St. Paul could become the latest American city to provide low-income residents with a guaranteed monthly income as part of a growing movement by mayors across the country to test-drive a policy they hope to see enacted at the federal level.
Mayor Melvin Carter announced during his budget address Thursday that he intends to use federal CARES Act money to fund a guaranteed income pilot program in St. Paul, which would give up to 150 families $500 a month for 18 months. It’s the latest in a series of mayoral initiatives offering a boost to the city’s poorest residents — including opening $50 college savings accounts for babies born in the city and providing emergency cash assistance to families and businesses that lost income as a result of COVID-19.
In an interview, Carter said he’s been interested in the idea of a guaranteed income for years, but the pandemic has added fresh urgency.
“This COVID economy certainly changes everything in a way that requires us to find creative, new and more expansive ways to care for the community,” he said.
Carter will need City Council approval to launch the pilot program, which he said will be paid for first with CARES Act dollars and then with philanthropic and, if needed, public money. Council members say they support the idea but need more information about what the program will look like and what will happen when the 18 months are up.
“I have a lot of questions about how it’ll work,” said Council Member Rebecca Noecker. “I wonder if it’s something that we can afford in the long term, and if it’s what we should be using our dollars on.”
Like cities across the country, St. Paul is facing budget shortfalls in both 2020 and 2021. The city got $23.5 million in CARES money through the state, which must be spent by mid-November and cannot be used as a revenue replacement.
Some council members say the pandemic has only clarified the need for a guaranteed monthly income. This spring, the city got nearly 5,300 applications for fewer than 1,300 St. Paul Bridge Fund family grants — and for some of those selected, the $1,000 check from the city was gone within days.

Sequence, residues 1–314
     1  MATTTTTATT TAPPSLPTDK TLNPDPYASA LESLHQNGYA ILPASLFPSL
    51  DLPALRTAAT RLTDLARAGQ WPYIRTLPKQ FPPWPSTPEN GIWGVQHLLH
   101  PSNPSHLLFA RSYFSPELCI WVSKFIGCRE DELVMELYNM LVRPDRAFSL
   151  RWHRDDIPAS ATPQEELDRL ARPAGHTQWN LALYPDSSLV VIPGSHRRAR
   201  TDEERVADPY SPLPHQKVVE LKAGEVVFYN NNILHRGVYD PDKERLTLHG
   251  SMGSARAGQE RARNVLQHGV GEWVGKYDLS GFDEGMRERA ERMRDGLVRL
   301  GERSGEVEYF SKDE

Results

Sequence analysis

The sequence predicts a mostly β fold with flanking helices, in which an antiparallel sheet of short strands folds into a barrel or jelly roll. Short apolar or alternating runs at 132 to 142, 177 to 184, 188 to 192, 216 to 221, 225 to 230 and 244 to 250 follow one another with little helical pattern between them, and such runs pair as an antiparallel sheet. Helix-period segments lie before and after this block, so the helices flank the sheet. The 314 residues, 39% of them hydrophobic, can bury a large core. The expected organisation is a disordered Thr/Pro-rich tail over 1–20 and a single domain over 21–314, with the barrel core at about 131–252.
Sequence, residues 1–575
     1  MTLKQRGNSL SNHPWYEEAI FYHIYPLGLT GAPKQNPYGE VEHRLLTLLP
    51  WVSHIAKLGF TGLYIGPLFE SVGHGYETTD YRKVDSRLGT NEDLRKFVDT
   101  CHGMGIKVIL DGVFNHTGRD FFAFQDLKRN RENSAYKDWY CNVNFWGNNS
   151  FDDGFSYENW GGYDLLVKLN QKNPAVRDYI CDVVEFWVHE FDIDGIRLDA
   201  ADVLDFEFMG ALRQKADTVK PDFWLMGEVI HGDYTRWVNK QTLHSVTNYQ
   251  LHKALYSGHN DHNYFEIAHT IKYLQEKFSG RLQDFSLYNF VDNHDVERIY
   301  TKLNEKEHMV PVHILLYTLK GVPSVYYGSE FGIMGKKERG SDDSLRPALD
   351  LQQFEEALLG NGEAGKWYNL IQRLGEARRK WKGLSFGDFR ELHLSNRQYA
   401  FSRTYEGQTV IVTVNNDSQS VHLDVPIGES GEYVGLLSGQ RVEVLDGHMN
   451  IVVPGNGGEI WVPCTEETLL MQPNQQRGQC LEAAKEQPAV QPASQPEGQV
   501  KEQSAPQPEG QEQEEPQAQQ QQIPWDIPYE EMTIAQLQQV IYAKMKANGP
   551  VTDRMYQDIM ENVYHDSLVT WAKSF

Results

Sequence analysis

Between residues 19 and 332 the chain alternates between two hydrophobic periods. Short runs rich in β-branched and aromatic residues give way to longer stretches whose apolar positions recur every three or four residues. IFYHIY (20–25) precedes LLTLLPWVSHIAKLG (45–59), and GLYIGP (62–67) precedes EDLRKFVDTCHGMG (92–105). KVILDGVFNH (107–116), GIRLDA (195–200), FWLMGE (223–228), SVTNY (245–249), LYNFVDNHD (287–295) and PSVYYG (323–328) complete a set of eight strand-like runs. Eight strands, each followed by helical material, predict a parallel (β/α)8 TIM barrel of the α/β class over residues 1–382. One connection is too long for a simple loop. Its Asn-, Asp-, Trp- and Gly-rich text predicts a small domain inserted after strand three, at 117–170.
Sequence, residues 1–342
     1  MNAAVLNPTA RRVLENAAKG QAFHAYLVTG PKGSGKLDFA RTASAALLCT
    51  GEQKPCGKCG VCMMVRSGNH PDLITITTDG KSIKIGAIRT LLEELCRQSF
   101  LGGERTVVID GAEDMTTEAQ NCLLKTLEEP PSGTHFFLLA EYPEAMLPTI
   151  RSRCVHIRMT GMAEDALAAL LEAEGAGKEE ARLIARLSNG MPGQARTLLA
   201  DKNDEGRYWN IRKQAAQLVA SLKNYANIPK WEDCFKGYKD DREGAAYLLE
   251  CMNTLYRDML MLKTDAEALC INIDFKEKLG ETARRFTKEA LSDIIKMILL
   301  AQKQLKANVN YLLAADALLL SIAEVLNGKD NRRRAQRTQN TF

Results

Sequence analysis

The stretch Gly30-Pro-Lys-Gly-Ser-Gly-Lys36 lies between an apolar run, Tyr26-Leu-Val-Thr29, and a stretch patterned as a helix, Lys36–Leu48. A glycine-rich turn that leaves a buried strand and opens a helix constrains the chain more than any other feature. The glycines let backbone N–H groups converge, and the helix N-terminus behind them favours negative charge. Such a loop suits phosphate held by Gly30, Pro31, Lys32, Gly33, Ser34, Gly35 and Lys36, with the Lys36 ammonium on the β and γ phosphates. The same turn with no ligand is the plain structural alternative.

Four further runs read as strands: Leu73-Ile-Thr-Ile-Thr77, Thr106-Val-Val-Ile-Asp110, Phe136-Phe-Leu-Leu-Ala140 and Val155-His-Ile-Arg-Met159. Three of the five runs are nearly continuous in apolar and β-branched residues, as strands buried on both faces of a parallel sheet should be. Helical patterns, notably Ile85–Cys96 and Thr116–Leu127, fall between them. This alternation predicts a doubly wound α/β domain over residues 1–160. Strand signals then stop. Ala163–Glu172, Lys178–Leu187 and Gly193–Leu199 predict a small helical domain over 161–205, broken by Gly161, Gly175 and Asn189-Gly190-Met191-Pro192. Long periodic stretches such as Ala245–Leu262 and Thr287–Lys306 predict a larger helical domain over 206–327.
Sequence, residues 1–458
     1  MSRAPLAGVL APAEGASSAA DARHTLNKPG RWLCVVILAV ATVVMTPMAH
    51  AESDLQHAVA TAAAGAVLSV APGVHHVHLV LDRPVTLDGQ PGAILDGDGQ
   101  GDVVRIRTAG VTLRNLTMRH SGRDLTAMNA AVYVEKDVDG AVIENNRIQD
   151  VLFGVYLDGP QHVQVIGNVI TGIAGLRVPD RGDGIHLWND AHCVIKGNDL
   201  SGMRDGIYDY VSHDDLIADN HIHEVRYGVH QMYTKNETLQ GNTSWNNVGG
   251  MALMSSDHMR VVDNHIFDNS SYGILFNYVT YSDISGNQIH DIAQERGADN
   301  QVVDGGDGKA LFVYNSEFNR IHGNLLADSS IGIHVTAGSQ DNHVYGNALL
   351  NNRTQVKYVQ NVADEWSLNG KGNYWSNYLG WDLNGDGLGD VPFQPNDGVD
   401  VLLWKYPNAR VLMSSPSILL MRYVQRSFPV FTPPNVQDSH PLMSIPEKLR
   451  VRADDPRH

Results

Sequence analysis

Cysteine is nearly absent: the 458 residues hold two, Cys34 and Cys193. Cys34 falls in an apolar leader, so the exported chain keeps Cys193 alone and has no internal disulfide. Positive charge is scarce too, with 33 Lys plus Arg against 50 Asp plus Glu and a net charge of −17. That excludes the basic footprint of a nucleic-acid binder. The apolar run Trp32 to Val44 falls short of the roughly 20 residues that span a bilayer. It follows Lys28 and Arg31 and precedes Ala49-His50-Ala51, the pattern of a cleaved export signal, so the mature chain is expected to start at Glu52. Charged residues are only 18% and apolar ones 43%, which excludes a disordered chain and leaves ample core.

“There’s no time like now to try something like this,” said Council Member Jane Prince. “We have simply discovered in St. Paul that low-wage workers can’t afford to live whole lives in our city.”
Guaranteed income initiatives exist in communities across the country. In Jackson, Miss., a yearlong program pays $1,000 a month to Black mothers who without it would earn an average of $11,030 a year. In Stockton, Calif., an 18-month study — recently extended to two years — measures the effects of a guaranteed $500 monthly income on randomly selected residents.
Most programs have been funded through philanthropy, which isn’t sustainable, said Madeline Neighly, director of guaranteed income at the Economic Security Project.
“In the current economic climate, when cities’ and states’ budgets are decimated and we’re not sure when they will be back on track, a federal guaranteed income really is the only way to have a long-term, sustainable guaranteed income in this country,” she said.
Carter’s proposal is similar to the Stockton program, which was the genesis for Mayors for a Guaranteed Income — a group of mayors across the country, including Carter, who’ve pledged to advocate for a guaranteed income at the local, state and federal levels.
St. Paul is one of the first participating cities to announce a pilot program, said Sukhi Samra, who directs both Mayors for a Guaranteed Income and the Stockton Economic Empowerment Demonstration (SEED). As in Stockton, the St. Paul program would include a research component, Carter said.
SEED launched in February 2019 and provides $500 a month to 125 adults living in neighborhoods where the median income is at or below the city median of $46,033. Data collected so far show participants spend about 40% of the money each month on food, followed by merchandise and utilities.
Samra said the program was always intended to be temporary. Participants were prepared for an end date from the start, she said, and will get help finding other resources when monthly payments end.
“Our primary guiding belief at SEED is to trust people and to recognize that no one probably knows better what’s in their bank account at any given moment than someone who’s struggling with economic insecurity,” Samra said.
As in Stockton, the ultimate aim of the St. Paul program will be not just to help 150 families for 18 months, Carter said, but to advocate for policy changes beyond the city.
“We definitely want to help the cohort of families that this trial period would impact,” he said. “But the goal is to think about an entirely new way of being for our American economy that benefits all of us.”